Cutting Concrete: How a Pro Breaks Through
While some people might have you believe that diamond blades will make short work of concrete and rebar, nobody can debate that the best way to make a jog or opening in a concrete wall is to form it in the first place. But even veterans make mistakes. Most common are the need to widen rough openings; cut for doors, windows, and access holes; shape forgotten beam pockets, and notch garage foundations at door openings to allow the slab to pour through. Remodeling and additions have their own set of conditions — often limiting access to the cuts. What’s the best way to deal with this?
The first piece of advice is: Sub it out. Specialty contractors can make your life a lot easier, and save you time and money doing it. These guys are set up to handle all size cutting jobs, but even the small cuts can be big trouble. This isn’t something to hand off to a helper with an old circ saw and a dust mask. You may never see him again.
“I can’t tell you how many times we’ve had to rescue general contractors who’ve started cuts they can’t finish. They’ll spend the money to rent equipment and spend time trying to break through and then call us to finish up. The equipment is key. We started out using cut-off saws. We’d score both sides of a wall and then use a 90-lb. jackhammer suspended on ropes to break through. Now we use a track-mounted diamond wall-saw made by Dimas, which can cut up to 18-inches deep, with stepped-up blade diameters. The larger blades alone can cost $1,600. These saws can make it through an 8-inch wall in three passes (depending on rebar position), leaving a smooth finished cut.”
Rodney Hanlon – Owner Hanlon Concrete Cutting & Coring
Aluminum tracks mounted to the wall guide the big circ saw along the cut. The saw rides each track, cutting deeper on each pass. Water that keeps the blade cool, also helps control dust — which, given the dangers of silica — is an important consideration. Even with this ultimate setup it can still take four or five hours to make two vertical door cuts.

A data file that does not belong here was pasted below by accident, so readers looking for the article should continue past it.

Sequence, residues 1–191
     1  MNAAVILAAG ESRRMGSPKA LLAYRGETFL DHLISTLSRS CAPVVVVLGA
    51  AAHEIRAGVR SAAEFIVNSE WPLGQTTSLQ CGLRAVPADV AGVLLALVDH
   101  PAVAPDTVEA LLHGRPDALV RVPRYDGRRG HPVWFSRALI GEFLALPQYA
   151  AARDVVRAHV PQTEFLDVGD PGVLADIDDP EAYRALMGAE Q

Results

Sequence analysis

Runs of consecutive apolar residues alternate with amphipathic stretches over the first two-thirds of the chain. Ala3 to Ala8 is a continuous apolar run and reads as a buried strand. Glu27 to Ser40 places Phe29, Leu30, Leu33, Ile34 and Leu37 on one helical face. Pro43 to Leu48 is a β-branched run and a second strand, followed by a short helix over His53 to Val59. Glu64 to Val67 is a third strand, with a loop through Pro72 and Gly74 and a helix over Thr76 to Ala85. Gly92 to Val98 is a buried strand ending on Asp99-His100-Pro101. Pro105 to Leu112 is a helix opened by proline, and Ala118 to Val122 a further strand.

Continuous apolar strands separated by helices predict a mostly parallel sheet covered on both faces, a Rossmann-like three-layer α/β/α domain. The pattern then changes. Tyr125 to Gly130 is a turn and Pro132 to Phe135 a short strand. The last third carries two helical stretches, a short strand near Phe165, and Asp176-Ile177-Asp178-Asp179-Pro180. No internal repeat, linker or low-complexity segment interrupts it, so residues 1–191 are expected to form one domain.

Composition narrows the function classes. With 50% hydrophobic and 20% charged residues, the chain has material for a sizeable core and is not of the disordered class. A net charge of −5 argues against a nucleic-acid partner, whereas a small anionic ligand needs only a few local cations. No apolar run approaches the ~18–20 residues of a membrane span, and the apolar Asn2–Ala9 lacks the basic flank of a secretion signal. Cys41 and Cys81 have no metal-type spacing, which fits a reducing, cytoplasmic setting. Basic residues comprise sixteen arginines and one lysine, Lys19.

Concrete Services also uses a lighter weight hydraulic handheld tool for wall cuts, where precision isn’t as important. The Partner Ring Saw looks like a cut-off saw, but it uses an eccentric drive to cut deeper than a cut-off saw with the same diameter blade. “We can cut through a 10-inch thick wall with a 14-inch blade,” says Hanlon. “You can only cut 5-1/2 inches with a 14-inch blade on a cut-off saw.” A 2 x 4 shot into the concrete wall guides the smaller saw along the cut. While the track saw will stay within 1/16-inch accuracy, you can maintain 1/8 to 1/4-inch with the Ring Saw — with practice. “Dennis Smith, my cut-man, likes the precision of the track saw better,” Hanlon says, “but I like the Ring Saw.” Hanlon crew can cut two door openings a day — at an average cost of about $500 per opening (which doesn’t include removal of the cutouts).
The company also uses a water-cooled, plunge-cutting, diamond chainsaw to complete clean corner cuts, beam pockets, and hard-to-reach cuts. “We don’t use this as much as we thought we would,” say Hanlon. “While they’re versatile tools, the original blades got gummed-up with slurry, and we still have four unused ones.” The company has since come out with new blades that clean out the slurry, so if you buy one of these tools, go for the new blades.
Hanlon crews also use smaller hand tools for a variety of applications. For example, if clean corners are required at an opening, they’ll use a 4-inch diameter electric cutoff tool to score the corners, and then finish by chipping the rest out with a small pneumatic chisel. That’s because the big circular blade on the wall saw can’t cut through without overcutting the corners. And when they’re ready to break through they use a combination of small impact hammers, pry bars, and spring bars to persuade the cutout to leave home.
Safety is a big factor in this trade. Noise levels for hammers and saws are extremely high, dust containment is critical, eye protection is a must, and tipping out a 3,000-lb. door cutout can be tricky. So even if you do rent equipment and try to do your own cuts — take care to prevent injuries.
If you rent — here’s what you’re liable to get. “Unless you also rent a large compressor you’re going to end up with an electric jackhammer, that’s all size and weight — but no hitting power,” Hanlon says. Either way, you won’t get the precision cuts. If you rent a saw, it’s liable to be a drycut saw that’ll create clouds of silica dust. And then there’s the blade-wear charge. “It may only cost you $75 to rent the saw for a day, but you might pay $280 when they measure the blade to see how much you used.” All in all, it sounds like my old motto still holds true. “When in doubt, sub it out.”